A new study by Stone Temple Consulting is supporting Google’s claim that it doesn’t use Chrome browser data to discover new URLs. Many people believe that Google leverages any means necessary to access data, including using people browsing on Chrome as a data source to find new URLs. Google has said this isn’t the case, and this new study verifies that it doesn’t appear to even be a factor.
The test done by Stone Temple Consulting was simple. They just set up a couple of pages that Google wasn’t aware of yet. They then had a bunch of people visit those pages from a Chrome browser, and then waited to see if Googlebot came to visit the site.
The results? Googlebot didn’t come to visit the test pages after two weeks.
Eric Enge, the CEO of Stone Temple Consulting, said the results showed “Googlebot never came to visit either page in the test… This is a remarkable result. Google has access to an enormous amount of data from Chrome, and it’s hard to believe that they don’t use it in some fashion.”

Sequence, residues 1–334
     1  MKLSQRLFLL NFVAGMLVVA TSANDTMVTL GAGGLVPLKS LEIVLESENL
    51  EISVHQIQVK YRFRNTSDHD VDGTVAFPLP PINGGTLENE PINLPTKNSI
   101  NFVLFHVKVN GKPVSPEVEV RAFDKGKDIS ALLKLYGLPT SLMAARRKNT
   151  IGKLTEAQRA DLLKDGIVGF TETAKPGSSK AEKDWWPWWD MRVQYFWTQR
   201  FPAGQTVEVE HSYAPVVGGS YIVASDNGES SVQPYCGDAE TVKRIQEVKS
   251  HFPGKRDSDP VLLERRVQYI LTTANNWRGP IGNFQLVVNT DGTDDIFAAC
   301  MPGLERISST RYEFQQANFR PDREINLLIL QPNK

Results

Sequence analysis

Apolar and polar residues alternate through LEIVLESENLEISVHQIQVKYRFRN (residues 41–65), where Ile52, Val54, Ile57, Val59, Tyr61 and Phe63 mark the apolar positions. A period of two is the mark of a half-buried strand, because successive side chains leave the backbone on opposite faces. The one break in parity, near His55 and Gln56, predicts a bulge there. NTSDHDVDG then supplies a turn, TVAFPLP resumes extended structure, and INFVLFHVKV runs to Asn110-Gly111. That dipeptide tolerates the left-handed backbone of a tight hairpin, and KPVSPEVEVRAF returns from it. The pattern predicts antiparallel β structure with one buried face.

So while Google has access to so much data, it appears that they are working to ensure they use it properly and fairly. It appears that Google is still in the mindset that if there isn’t a web-based link path to a page, there’s not enough value there for it to rank for anything.
Perhaps Google uses Chrome data in other fashions, and there will likely be additional tests on the subject to come. For now though, it’s safe to say that Google doesn’t look at Chrome data to discover new URLs, so simply having people look at your page alone won’t be helpful.